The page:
Parks Canada

Ivvavik National Park

From Inuvik, fly through the British Mountains and join Parks Canada and your Inuvialuit hosts for a multi-day Arctic base camp experience st Sheep Creek. Hike to Inspiration Point and Halfway to Heaven. Perhaps you’ll glimpse the Porcupine caribou that calve here each spring. Listen to the stories and share the culture of your Inuvialuit host.  Throw a fishing line in the river. Perhaps you’ll catch a Dolly Varden for dinner. Trips are offered in June and July.

Contact Parks Canada 867-777-8800 or

Raft the Firth River

Raft the untamed waters of the Firth River on a private or commercially guided trip and wind your way through wide mountain valleys, narrow canyons and coastal plains to the Arctic Ocean.

Tuktut Nogait National Park

Make an Arctic Dream come true with a Parks Canada guided base camp trip into one of Canada's most remote national parks. Admire the stunning Brock River Canyon. Hear the stories and share the culture of your Inuvialuit host. Experience a place that many dream about but few ever visit. Hike through a landscape of rolling hills, wild rivers, precipitous canyons, and stunning waterfalls, featuring a variety of unique wildlife and vegetation. Endless daylight will urge you forward. This park, 170 kilometres north of the Arctic Circle and 40 kilometres west of the hamlet of Paulatuk, was established in 1998 to protect the calving area of the Bluenose West caribou herd. Tuktut Nogait (pronounced took-tut neg-guide) refers to a young caribou from the time it drops, wobbly-footed, on the tundra, until roughly one year of age.

Historic sites include ancient tent rings, caches, rock alignments, meat drying areas and hunting blinds. Parks Canada guided base-camping trips now make this hiker's paradise easier to get to. Hike for five days in a place where the sun never sets.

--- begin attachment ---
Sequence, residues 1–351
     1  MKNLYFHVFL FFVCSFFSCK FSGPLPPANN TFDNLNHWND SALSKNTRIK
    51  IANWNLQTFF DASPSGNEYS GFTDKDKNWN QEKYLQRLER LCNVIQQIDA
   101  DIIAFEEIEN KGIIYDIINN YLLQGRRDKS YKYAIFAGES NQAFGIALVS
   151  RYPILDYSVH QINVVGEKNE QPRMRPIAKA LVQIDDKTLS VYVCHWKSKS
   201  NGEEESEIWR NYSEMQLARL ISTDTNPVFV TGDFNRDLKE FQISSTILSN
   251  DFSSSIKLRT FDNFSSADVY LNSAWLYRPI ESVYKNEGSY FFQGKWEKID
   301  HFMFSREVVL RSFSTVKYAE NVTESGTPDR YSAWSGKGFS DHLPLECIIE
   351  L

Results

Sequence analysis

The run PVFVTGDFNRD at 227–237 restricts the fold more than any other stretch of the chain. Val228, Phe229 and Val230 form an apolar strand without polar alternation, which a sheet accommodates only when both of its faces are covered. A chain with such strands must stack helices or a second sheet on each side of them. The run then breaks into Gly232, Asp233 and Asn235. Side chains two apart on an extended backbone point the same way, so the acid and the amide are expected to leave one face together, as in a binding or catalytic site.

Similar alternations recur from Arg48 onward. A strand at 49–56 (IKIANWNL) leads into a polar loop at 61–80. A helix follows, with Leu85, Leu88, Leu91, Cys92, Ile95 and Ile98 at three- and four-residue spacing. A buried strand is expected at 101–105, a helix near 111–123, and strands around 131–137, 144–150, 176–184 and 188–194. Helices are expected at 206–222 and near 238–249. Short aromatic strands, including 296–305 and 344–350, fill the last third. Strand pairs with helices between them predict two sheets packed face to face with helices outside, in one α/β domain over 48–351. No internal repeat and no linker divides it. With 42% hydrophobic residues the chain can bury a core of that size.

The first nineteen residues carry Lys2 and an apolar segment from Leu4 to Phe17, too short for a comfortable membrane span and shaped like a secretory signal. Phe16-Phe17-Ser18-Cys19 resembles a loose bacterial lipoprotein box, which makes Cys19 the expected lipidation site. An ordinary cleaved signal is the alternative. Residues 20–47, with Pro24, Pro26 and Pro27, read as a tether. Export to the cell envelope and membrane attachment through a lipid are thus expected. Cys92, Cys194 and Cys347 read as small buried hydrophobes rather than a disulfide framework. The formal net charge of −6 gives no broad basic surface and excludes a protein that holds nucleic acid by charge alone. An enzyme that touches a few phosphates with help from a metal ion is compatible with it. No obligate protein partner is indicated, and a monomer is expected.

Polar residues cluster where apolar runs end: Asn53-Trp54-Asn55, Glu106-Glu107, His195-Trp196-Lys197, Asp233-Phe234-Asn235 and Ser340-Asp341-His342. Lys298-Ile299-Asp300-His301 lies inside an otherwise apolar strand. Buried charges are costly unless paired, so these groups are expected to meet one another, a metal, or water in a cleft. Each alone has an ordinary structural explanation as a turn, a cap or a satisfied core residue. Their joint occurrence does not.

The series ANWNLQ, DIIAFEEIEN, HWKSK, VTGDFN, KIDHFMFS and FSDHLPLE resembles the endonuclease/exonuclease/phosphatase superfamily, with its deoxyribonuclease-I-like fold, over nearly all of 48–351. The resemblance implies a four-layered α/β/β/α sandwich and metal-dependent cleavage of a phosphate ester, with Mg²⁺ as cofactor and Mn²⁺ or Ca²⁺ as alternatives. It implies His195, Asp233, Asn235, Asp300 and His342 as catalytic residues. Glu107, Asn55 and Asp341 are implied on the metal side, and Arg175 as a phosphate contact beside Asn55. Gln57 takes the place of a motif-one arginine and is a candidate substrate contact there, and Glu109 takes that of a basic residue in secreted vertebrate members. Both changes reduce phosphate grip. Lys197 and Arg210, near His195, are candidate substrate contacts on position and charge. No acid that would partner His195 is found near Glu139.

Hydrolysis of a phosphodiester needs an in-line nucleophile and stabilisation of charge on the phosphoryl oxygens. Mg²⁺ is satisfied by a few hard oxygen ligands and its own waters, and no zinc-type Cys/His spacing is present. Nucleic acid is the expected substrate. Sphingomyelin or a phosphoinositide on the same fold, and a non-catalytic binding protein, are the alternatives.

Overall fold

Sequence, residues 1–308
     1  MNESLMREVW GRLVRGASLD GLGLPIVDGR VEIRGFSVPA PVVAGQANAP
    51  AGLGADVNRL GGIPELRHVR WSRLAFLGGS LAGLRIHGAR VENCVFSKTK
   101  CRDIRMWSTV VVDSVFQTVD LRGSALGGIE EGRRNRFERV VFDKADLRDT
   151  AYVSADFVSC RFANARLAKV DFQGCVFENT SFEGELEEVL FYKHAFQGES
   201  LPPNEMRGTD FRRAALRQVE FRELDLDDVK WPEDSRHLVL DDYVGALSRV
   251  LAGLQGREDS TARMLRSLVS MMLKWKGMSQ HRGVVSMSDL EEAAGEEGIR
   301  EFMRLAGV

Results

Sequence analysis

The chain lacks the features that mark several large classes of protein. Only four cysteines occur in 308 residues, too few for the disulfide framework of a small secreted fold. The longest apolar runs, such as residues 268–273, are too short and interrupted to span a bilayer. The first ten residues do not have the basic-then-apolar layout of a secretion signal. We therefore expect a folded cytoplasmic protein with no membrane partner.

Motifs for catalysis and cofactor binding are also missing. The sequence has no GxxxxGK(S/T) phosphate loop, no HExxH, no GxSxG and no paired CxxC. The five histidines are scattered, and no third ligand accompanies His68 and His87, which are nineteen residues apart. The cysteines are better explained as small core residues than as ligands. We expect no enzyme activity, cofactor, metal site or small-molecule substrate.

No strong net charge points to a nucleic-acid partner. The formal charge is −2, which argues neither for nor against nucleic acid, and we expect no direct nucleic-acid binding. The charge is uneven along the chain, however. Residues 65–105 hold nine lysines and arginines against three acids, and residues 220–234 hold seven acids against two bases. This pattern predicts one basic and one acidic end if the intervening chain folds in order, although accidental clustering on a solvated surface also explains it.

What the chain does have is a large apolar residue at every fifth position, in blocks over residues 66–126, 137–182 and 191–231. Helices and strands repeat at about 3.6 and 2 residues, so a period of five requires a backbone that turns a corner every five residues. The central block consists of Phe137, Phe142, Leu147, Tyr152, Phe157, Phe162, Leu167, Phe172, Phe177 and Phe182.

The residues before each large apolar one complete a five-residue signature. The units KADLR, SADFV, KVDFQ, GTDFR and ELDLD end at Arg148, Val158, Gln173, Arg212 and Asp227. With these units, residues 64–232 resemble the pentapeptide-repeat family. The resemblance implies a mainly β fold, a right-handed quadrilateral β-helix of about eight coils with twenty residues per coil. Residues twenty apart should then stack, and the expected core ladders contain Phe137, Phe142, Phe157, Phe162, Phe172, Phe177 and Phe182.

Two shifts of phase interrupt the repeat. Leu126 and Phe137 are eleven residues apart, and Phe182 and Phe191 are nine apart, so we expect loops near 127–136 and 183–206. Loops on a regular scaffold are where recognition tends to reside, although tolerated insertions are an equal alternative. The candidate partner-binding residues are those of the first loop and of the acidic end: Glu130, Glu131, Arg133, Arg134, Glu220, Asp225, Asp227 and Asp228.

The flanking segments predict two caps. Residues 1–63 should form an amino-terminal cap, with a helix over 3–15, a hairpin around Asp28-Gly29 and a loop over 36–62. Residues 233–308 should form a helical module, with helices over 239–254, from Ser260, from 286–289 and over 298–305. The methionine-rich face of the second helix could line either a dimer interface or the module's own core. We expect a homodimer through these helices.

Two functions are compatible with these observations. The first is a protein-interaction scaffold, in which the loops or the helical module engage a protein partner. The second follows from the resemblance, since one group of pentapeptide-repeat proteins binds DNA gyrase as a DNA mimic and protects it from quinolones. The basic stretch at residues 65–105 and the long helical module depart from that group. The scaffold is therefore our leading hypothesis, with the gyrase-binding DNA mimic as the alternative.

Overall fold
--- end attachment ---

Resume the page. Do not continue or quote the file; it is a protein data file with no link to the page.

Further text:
Contact: Parks Canada 867-777-8800 or

Paddle the Hornaday River

Paddle the pristine Hornaday River along a watercourse rich with birdlife. From vast expanses of tundra and deep canyons, to scenic waterfalls, Tuktut Nogait is a spectacular location for paddlers. Crystal clear rivers have carved magnificent canyons deep into the tundra, leaving sheer cliffs spiked with crumbling rock spires. Calls of peregrine and gyrfalcon echo off the canyon walls. The tundra is crisscrossed with the tracks of caribou, muskoxen, moose and grizzly bear. This land and its wildlife have supported aboriginal peoples for thousands of years.

For information, contact: Parks Canada 867-777-8800 or

Aulavik National Park

Plan your trip into an Arctic dreamer's world. Aulavik National Park is on Banks Island, the most westerly island in the Canadian Arctic archipelago. It lies 250 km northeast of the nearest community, Sachs Harbour, and 750 km northeast of Inuvik. There are no facilities, campgrounds or developed trails.

Aulavik is home to the endangered Peary caribou and to the highest density of muskoxen in the world. In the Inuvialuktun language, Aulavik means a "place where people travel". Paddle the Thomsen River, one of Canada's most northerly navigable waterways, during a self-guided trip or with an outfitter. This slow moving river runs north through the heart of the park for 160 kilometres. From your canoe, watch the shaggy muskoxen and hear the wolves howl. Keep an eye out for cultural artifacts and archaeological sites, including tent rings and food caches, as you journey through this ancient landscape, where aboriginal people have travelled for nearly 4,000 years.

Covering 12,000 square kilometres of Arctic lowlands, the park was established in 1992 as part of the Inuvialuit Final Agreement.

Contact: Parks Canada 867-777-8800 or